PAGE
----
No association between elevated post-void residual volume and bacteriuria in residents of nursing homes

Scand J Prim Health Care. 2005 Mar;23(1):52-6. doi: 10.1080/02813430510015278.


Objective: To evaluate the concept that increased post-void residual urine volume (PVR) is a risk factor for bacteriuria.

Design: Cross-sectional study.

Setting: Three nursing homes in Jönköping, southern Sweden.

Subjects: A total of 147 elderly residents in municipal nursing homes. MAIN OUTCOME VALUES: PVR volumes measured with a portable ultrasonic bladder scan, urine specimen, and questionnaire data on incontinence, immobility, impaired cognition, neurological diseases, and medications.

Results: Mean age was 86 years and 78% were women. The prevalence of a PVR for the four chosen cut-off values (30, 50, 100, and 150 ml) was 51%, 39%, 20%, and 7%, respectively. The prevalence of bacteriuria was 42%, 46% for women and 28% for men. Elevated PVR was not associated with bacteriuria, incontinence, immobility, impaired cognition or neurological disease (stroke, Parkinson's disease).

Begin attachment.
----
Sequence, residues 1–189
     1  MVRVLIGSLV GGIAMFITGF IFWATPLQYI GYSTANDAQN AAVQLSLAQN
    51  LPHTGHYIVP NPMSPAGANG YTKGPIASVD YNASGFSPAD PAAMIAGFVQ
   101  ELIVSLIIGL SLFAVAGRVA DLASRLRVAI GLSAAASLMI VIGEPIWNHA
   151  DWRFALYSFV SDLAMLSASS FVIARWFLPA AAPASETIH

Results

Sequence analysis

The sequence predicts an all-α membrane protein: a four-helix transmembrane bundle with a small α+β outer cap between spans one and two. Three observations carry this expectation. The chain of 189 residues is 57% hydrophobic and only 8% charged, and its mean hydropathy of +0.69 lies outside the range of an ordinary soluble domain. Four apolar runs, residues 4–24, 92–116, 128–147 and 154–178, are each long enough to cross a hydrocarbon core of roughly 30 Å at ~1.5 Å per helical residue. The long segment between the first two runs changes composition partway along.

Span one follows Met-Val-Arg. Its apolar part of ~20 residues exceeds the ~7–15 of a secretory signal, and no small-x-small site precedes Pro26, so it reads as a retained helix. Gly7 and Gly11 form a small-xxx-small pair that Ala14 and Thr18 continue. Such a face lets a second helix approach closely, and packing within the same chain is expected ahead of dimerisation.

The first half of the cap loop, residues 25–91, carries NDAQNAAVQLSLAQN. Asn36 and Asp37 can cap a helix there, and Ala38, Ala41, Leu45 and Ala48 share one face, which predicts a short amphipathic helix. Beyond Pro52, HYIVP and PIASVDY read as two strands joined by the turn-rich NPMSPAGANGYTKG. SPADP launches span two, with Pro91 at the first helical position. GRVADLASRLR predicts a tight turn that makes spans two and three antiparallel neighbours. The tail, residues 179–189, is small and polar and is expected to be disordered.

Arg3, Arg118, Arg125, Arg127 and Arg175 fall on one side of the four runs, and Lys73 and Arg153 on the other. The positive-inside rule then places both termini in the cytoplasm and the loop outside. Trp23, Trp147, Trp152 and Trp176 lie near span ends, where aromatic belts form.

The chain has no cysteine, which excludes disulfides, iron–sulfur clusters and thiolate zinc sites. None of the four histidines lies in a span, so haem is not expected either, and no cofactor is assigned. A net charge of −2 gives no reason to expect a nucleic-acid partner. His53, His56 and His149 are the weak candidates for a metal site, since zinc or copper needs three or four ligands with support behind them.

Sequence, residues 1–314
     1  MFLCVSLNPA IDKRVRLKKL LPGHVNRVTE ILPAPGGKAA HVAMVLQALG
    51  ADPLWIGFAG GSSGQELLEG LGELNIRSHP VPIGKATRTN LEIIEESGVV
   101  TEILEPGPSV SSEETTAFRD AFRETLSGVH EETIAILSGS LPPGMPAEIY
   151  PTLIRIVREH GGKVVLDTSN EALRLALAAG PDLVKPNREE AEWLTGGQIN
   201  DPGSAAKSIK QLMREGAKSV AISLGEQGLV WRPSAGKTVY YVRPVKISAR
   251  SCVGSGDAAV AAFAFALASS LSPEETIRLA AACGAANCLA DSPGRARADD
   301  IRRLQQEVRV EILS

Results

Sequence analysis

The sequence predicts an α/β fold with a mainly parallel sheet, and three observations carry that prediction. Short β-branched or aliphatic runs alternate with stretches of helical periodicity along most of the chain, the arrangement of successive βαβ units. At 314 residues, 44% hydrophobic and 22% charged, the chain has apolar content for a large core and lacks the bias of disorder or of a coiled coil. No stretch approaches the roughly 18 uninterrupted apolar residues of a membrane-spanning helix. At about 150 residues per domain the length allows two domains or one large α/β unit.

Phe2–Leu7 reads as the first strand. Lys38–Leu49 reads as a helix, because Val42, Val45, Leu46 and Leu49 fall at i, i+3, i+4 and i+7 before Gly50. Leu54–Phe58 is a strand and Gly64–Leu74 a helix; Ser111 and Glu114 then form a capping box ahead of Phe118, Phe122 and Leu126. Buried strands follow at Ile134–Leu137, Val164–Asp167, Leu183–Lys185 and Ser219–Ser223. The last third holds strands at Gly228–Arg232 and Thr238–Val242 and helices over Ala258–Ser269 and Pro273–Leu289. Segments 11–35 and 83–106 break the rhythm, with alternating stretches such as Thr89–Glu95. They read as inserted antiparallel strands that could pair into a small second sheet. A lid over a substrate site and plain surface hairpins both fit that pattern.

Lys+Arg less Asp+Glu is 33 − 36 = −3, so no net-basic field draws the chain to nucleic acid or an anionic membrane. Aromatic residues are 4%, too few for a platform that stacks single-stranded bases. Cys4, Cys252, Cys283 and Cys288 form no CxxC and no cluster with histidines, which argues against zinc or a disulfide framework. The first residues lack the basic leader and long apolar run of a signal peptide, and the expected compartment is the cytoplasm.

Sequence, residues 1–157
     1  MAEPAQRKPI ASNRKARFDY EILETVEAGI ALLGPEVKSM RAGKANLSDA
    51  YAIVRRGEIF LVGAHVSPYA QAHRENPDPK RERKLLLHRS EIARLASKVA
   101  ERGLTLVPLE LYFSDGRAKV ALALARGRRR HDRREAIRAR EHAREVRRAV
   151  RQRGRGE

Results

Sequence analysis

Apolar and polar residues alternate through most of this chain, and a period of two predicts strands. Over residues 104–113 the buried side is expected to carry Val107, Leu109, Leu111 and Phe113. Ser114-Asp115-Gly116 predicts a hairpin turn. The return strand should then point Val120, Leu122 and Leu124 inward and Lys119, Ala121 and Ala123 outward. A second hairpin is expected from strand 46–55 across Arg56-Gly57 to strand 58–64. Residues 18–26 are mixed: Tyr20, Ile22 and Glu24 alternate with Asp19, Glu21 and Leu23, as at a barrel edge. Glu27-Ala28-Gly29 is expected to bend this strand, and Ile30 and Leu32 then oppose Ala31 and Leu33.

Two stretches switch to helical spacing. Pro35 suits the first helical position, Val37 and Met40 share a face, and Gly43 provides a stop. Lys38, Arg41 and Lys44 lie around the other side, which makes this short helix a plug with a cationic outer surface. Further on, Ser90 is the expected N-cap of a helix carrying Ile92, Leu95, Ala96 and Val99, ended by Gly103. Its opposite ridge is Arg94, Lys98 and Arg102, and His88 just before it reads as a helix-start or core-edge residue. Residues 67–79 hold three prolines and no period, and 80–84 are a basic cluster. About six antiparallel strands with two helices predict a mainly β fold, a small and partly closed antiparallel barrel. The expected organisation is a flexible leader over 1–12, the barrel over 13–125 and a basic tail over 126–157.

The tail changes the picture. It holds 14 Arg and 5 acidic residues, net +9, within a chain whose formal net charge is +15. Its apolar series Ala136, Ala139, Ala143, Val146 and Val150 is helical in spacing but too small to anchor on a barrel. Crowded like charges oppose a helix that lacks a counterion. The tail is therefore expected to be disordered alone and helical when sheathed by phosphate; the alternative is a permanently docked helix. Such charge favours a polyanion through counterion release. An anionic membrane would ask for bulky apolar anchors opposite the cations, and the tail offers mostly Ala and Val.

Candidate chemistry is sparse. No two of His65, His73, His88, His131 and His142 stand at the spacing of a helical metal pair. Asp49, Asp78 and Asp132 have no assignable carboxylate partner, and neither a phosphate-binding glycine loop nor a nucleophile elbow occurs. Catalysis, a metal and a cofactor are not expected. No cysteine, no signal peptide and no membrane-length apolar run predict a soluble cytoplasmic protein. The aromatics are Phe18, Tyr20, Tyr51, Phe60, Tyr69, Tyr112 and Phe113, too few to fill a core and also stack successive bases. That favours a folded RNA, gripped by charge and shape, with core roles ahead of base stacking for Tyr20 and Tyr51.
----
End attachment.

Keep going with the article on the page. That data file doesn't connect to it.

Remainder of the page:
Conclusion: Bacteriuria and elevated PVR are common among elderly residents in nursing homes. The study could not confirm that elevated PVR predisposes to bacteriuria in elderly residents in nursing homes.

Publication types

  • Research Support, Non-U.S. Gov't

MeSH terms

  • Aged
  • Aged, 80 and over
  • Bacteriuria / etiology*
  • Cross-Sectional Studies
  • Female
  • Humans
  • Male
  • Nursing Homes
  • Risk Factors
  • Surveys and Questionnaires
  • Ultrasonography
  • Urinary Bladder / diagnostic imaging
  • Urinary Incontinence / complications*
  • Urinary Incontinence / microbiology
  • Urination Disorders / complications*
  • Urination Disorders / microbiology